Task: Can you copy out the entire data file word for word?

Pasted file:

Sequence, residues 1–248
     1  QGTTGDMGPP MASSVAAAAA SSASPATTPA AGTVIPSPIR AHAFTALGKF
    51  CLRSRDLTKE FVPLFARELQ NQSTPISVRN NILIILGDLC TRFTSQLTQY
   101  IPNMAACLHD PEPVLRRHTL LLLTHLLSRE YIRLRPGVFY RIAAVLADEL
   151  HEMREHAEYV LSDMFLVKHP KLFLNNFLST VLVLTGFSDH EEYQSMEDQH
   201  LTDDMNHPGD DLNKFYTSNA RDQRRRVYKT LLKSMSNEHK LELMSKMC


Sequence, residues 1–248
     1  QGTTGDMGPP MASSVAAAAA SSASPATTPA AGTVIPSPIR AHAFTALGKF
    51  CLRSRDLTKE FVPLFARELQ NQSTPISVRN NILIILGDLC TRFTSQLTQY
   101  IPNMAACLHD PEPVLRRHTL LLLTHLLSRE YIRLRPGVFY RIAAVLADEL
   151  HEMREHAEYV LSDMFLVKHP KLFLNNFLST VLVLTGFSDH EEYQSMEDQH
   201  LTDDMNHPGD DLNKFYTSNA RDQRRRVYKT LLKSMSNEHK LELMSKMC